For over 60 years, Church, Harris, Johnson & Williams, P.C. has enjoyed an unsurpassed reputation in the field of estate planning and estate and trust administration. From simple wills to the most complex trust arrangements, our attorneys will tailor an estate plan to fit your specific objectives. Although we represent clients with widely varying economic circumstances and family backgrounds, our firm is particularly well-equipped to provide estate planning services for large net worth clients and clients who own family business interests. A number of our attorneys have advanced degrees (LL.M) in tax law and two of our attorneys are Fellows of the American College of Trust and Estate Counsel (ACTEC) and one is currently president.
The training and experience of our attorneys is second to none in the state of Montana and the quality of our attorneys and support staff allows us to handle even the most complex tax and estate planning matters efficiently and effectively for our clients. Church, Harris, Johnson & Williams, P.C. has an entire department devoted to trust and estate administration, with a staff who work diligently assisting in the administration of trusts and estates.
Every individual has an estate plan. Not every individual has any idea of what that estate plan might be.Regardless of the actual techniques someone might use, whether those might be wills, trusts, joint tenancy ownerships or others, the four core goals of estate planning remain essentially the same. They are:
1. Lifetime Considerations: One of the most important parts of estate planning deals with considerations of management of one's property during lifetime, not only its disposition at death. Examples of this type of planning would be powers of attorney which permit others to manage your property or personal affairs for you, even if you are disabled or otherwise unable to do this on your own. Other examples would be simple forms of creditor protection planning, shifting income within a family, or Medicaid or other government program planning whereby qualification for various programs is assured while protecting one's other assets.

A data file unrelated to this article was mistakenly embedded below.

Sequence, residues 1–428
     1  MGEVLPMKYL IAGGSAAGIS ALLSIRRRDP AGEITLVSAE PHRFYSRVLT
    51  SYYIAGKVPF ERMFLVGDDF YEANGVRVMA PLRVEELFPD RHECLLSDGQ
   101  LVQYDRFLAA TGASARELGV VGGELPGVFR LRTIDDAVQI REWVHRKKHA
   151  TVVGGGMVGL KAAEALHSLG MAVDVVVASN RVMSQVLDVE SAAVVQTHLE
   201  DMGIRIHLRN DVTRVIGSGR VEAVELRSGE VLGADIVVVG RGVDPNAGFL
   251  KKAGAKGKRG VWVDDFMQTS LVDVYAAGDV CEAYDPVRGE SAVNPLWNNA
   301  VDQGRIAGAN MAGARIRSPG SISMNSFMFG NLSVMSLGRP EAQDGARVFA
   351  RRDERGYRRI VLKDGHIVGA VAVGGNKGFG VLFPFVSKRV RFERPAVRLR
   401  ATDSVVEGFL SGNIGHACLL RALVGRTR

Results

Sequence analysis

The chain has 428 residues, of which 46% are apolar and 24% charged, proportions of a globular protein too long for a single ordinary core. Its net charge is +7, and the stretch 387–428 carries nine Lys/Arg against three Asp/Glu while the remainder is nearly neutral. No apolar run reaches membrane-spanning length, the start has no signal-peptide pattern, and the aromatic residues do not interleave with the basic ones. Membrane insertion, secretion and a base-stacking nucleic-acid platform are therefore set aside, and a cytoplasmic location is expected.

2. Disposition of Property at Death: One's estate plan will govern the ultimate disposition of property at death. Done correctly, it will not only dispose of property to the proper beneficiaries, but it can also protect that property from a particular beneficiary's inability to manage it, whether by reason of age, disability or simple profligacy.
3. Tax and Asset Conservation Planning: Proper planning also includes taking steps to reduce unnecessary losses in the amount of property going to one's family or other beneficiaries. This can mean proper structuring of transfers to those beneficiaries, or, in the remarkably few instances where an individual actually has estate or other death tax concerns (perhaps as few as 3% of the decedents actually have any concern), then proper tax planning is essential to avoid paying unnecessary taxes.
4. Providing for Obligations: To the extent liquidity is necessary at death, whether for payment of taxes, purchasing the decedent's interest in a business, providing for support of dependants or any other similar obligations, then arrangements must be made, whether through the use of insurance, liquidation of assets or other means, to meet those obligations. Planning ahead reduces the stress of these situations.